Exam stress

As we move towards the end of the year, many people have exams approaching. It doesn’t matter whether you are still at school, or at TAFE or university – exam stress can be very real.

What is stress?

A definition from healthdirect.com.au

“Stress is an expected human response to challenging or dangerous situations. Humans have evolved over time to be able to experience a range of stressors and recover from them.”

There are several types of stress:-

Good stress: this comes from facing a challenge that we feel is within our capabilities, or perhaps stretching our capabilities by a small amount. This stress is generally good for us, as it creates excitement and motivation. (Some people consider exam stress in this category, and consider the exams as a challenge to show how much they have learnt).

Short term stress: this is present only for a brief period, and is usually related to a specific situation. (Exam stress also fits in this category).  

Chronic stress: this is present for a long time, and may be caused by a situation which has little chance of changing or improving quickly. This stress can damage our health.

What are the symptoms of exam stress?

The following are some of the symptoms of exam stress, but there can be more…

  • Headaches
  • Stomach aches and ‘butterflies in stomach’
  • Feeling sick
  • Weak immune system
  • Increased heart-rate and high blood pressure
  • Worry
  • Anger and irritability
  • Low self esteem and lack of confidence 
  • Loss of appetite or over-eating on junk foods
  • Insomnia
  • Spending all of our time studying
  • Not giving time to relax
  • Unable to concentrate
  • Unable to plan
  • Poor memory
  • Lack of motivation
  • Lack of focus
  • Stressful habits (e.g. hair pulling, skin picking, nail biting)

Why do we experience it?

Some of the reasons include the following:-

  • We find the subject we are studying difficult to understand
  • We feel unprepared for the exam, perhaps due to insufficient time to study
  • We feel under pressure to excel in the exam (from ourselves or others)
  • We have stress in other areas of our life

Hypnotherapy can help with these issues by enabling students to relax, retain more information, and focus on revision. If you or your family members (adults and children 12 years and older) are studying for exams, have a chat to Lisa at Sunset Coast Hypnotherapy to learn more.

Managing exam and study stress

The following are some ideas on managing stress which have worked for others…

  • Have a dedicated, quiet space to work, and have the materials that you need close by.
  • Review old exam papers if they are available and ensure that you know the areas of your subject that are included in the exam (you may have covered topics in class which are not in the exam)
  • Practice writing essays within the time allocated within the exam.
  • ‘Visual’ people can use ‘mind maps’ to display the key points in a diagram.
  • Create a plan (e.g. using a spreadsheet or word processing software) to ensure that you cover all areas of the subjects for your exams. Allocate one topic per revision period, and also schedule regular breaks.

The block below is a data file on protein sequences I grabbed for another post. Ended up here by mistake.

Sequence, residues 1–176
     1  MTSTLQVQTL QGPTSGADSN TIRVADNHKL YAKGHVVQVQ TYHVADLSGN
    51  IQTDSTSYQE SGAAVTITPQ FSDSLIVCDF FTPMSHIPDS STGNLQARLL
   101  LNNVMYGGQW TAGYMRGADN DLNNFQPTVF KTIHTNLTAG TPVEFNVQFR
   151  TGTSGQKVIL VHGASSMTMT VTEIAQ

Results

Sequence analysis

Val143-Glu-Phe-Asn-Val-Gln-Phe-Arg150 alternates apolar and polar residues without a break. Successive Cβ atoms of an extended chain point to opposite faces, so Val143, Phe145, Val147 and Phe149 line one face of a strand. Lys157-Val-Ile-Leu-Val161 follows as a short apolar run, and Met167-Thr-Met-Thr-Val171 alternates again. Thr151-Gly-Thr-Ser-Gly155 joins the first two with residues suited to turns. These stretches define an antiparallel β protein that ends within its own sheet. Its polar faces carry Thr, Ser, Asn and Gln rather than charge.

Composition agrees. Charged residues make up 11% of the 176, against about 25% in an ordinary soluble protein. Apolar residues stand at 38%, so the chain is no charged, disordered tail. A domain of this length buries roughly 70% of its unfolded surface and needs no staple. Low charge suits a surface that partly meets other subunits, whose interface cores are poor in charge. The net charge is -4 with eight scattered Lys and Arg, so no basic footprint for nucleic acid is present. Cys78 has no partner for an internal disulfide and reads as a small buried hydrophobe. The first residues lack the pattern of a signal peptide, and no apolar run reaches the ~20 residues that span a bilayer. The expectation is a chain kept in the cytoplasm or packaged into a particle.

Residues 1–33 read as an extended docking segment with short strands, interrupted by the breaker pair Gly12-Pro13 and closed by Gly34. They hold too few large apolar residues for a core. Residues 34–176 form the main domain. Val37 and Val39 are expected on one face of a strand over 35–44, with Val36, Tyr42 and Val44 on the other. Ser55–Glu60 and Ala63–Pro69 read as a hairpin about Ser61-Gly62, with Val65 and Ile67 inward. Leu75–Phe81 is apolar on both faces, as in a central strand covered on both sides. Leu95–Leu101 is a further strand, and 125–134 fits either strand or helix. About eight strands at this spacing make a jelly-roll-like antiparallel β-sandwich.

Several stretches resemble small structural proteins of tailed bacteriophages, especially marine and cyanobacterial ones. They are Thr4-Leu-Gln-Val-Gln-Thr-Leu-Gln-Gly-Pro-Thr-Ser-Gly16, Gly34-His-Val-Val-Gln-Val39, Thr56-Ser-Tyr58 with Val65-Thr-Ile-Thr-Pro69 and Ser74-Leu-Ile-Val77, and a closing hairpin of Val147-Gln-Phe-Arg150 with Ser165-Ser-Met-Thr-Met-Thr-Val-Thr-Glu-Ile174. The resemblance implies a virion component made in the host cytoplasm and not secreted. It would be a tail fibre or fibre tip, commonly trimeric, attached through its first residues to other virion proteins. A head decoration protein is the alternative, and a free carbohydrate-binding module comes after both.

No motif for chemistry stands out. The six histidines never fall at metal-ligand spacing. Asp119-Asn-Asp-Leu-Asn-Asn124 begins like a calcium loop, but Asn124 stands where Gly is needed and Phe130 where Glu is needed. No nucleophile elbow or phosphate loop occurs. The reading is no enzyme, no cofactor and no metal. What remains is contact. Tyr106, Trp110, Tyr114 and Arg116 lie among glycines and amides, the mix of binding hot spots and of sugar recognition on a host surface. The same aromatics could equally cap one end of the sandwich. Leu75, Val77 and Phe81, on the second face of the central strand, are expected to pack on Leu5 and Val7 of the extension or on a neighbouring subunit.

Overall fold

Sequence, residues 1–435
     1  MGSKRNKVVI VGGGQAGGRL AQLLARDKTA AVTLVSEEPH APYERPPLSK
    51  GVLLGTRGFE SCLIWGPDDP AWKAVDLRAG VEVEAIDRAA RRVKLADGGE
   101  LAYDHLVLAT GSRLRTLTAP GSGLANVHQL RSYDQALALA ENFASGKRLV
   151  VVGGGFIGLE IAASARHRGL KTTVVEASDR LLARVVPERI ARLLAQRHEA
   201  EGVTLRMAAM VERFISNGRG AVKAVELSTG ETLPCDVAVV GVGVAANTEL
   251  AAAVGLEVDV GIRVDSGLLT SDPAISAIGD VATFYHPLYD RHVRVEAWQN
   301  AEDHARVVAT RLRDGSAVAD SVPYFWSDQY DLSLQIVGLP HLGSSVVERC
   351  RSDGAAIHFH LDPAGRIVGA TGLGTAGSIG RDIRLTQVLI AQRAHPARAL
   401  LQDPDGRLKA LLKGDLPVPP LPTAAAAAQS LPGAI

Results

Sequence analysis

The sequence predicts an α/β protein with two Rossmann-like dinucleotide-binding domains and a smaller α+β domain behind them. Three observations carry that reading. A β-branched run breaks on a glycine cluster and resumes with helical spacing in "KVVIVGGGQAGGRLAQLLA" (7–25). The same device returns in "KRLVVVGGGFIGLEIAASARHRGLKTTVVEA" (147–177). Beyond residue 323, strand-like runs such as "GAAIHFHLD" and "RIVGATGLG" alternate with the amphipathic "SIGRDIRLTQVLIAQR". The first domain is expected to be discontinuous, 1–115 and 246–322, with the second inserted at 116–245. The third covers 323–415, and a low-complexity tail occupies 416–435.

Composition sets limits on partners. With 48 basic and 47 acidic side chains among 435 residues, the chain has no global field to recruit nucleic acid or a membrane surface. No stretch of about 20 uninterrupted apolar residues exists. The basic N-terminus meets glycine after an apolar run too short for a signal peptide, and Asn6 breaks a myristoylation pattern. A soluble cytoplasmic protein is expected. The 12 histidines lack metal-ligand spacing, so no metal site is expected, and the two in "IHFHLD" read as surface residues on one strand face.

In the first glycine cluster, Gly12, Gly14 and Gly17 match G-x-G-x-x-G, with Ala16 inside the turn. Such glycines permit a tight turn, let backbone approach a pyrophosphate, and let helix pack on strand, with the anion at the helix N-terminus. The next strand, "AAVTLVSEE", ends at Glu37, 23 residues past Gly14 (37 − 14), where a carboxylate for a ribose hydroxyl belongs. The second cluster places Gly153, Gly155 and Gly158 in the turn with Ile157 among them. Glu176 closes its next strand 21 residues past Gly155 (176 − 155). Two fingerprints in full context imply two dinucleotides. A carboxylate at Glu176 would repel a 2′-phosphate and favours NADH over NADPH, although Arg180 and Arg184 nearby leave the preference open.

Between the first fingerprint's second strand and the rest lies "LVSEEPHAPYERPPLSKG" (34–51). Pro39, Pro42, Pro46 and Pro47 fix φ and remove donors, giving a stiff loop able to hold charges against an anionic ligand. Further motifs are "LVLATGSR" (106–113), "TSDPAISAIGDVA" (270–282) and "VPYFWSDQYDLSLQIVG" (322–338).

• Eat a well-balanced diet – limit junk food and do not increase your caffeine intake.
  • Build in regular breaks, and reward yourself when you achieve your study goals. Some people prefer to split the day into morning, afternoon and evening. They then revise for two of the three time periods (with brief breaks), and have a longer break for the third period. An example is to revise morning and afternoon, then have the evening off to enjoy socialising or watching a film.
  • Allow yourself time to rest and ensure you are getting sufficient sleep.
  • Study for 20-minute chunks of time, and then have 5 – 10 minutes rest (Pomodoro technique).
  • Agree to revise a specific area of study with your classmates. You could explain the topics to each other, or test each others’ knowledge. This allows you to socialise while revising and can counteract the isolation that sometimes affects students when revising. But keep the discussion focussed on work while you are revising.
  • ReachOut.com (https://au.reachout.com/articles/stress-swaps) has some more ideas of how to incorporate enjoyable activities into your study.
  • If you feel stressed, use relaxation techniques. Some of these can be used ‘in the moment’ when you are stressed to help regain focus. See my earlier blogpost on this for some ideas.

If you or a member of your family would like some specific help with focus, relaxation, stress management or exam confidence, have a chat to Lisa at Sunset Coast Hypnotherapy to see how she can assist.


References

https://www.healthdirect.gov.au/stress

https://www.healthdirect.gov.au/types-of-stress

https://www.healthdirect.gov.au/stress-symptoms

https://www.qld.gov.au/youth/health-looking-after-yourself/mental-health-support-counselling/managing-your-thoughts/exam-stress

https://en.wikipedia.org/wiki/Mind_map

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